The Coon Hunt – Flash Fiction for 3/23/12

Photo courtesy Madison Woods

Grandpa, the dogs and I go into the woods at sunset. He carries the rifle and I carry the flashlight. We hike for hours through darkened rough hills to reach grandpa’s secret hunting ground. In a clearing, we build a roaring fire and grandpa sends out the dogs. I lay on a bed of pine needles and watch falling stars. Grandpa nips at his flask and dozes.

We wake at daylight. The dogs came back during the night. We head home. I don’t have the heart to tell him there haven’t been any coons in these woods for twenty years.

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30 responses to “The Coon Hunt – Flash Fiction for 3/23/12

  1. Oh to me it was so sad. Too bad they can’t go somewhere with some coons one last time. Glad the boy didn’t complain at least.

  2. I really enjoyed the authenticity of this tale. And loved it that the grandson went on this trek with grandpa knowing it was just for the company, the experience. A lovely tale.

  3. At first I thought, that the “I” is a teenager. But the 20 years allusion threw me off. Is the grandfather senile? If he is, then it was not that clear. But a touching story about love between grandparent and grandchild. Cheers!

  4. Dear Ron,

    “We hike for hours through darkened rough hills….” This was my favorite line in a story in which every line qualified as good. It had a feel very much like a passage from a Cormac McCarthy novel. The connection between both characters was solid and heartfelt, the mood and pacing perfect and the tone beautiful.

    I agree with Susan as well. All told, a very wonderful submission for this Friday and one of your most evocative so far.

    Thanks for your kind comments on my page. Glad you agree about the muzzle flash.

    Aloha,

    Doug

  5. Nice job. My Father was an avid coon hunter and trapper. Walking thru the woods at night with a kerosene lantern is always an adventure. The trees, the shadows, the night-sounds, it’s a different world.

    You captured the essence of the relationship. Hunting & fishing is not about what you kill or catch. It’s about the time you spent in nature with someone you love.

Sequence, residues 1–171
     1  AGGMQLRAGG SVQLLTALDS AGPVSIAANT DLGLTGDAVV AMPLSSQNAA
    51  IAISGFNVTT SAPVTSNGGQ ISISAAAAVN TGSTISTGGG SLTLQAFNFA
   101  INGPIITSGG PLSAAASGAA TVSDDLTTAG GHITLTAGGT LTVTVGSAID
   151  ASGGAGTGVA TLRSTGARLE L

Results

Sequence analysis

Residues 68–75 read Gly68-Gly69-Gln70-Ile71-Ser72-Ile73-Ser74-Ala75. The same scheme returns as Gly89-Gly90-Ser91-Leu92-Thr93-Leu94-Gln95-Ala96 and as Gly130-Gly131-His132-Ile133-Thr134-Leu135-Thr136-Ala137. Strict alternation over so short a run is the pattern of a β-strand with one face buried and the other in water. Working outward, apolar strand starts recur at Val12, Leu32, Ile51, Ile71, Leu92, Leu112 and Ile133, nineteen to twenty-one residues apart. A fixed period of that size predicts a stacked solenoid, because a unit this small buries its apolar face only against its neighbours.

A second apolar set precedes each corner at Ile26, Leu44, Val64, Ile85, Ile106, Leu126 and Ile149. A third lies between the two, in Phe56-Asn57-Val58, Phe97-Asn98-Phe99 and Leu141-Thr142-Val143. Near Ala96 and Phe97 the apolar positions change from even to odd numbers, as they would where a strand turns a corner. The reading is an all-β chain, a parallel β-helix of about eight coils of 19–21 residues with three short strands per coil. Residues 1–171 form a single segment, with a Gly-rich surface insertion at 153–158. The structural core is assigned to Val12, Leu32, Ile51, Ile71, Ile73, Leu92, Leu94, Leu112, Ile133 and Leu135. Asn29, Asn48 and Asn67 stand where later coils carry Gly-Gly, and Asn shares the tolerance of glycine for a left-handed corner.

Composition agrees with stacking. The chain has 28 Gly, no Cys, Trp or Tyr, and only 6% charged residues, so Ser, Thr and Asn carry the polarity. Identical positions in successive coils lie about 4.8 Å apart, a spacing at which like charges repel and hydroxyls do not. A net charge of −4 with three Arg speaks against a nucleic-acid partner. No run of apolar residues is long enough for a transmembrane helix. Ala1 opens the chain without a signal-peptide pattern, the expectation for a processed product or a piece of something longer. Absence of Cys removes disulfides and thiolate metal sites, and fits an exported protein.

6. It is about the time spent, not the actual hunting or fishing. Never a hunter, I was a fisherman, or boy, and later realised it was about the splendid isolation, the slowness, the awareness of the surroundings and the time to think while your body was occupied. For others, perhaps less thoughtful, it was also not about the hunting but the camaraderie, often accompanied by much drinking, for which the hunting was a pretext. The mountain country people I knew really disliked that.

  7. Yeah, nice… except for a pack of dogs running loose thru the woods all night, harassing countless wildlife animals, running across private property, disrupting habitat, spooking animals.

    We really need to be more compassionate towards nature, sorry, but I’ve seen the path of destruction “running the dogs” leaves behind.

  8. I love that they’re spending time to together and that the grandchild doesn’t need to ‘correct’ the grandfather. It’s the way more of our relationships should be. Why do we feel the need to explain everything or do it all for a concrete reason? Loved this.

  9. Well, that was a sweet little story. Almost an anecdote. Happy ending for me – nothing got shot. Of course, I can’t help but wonder what the dogs got up to overnight….

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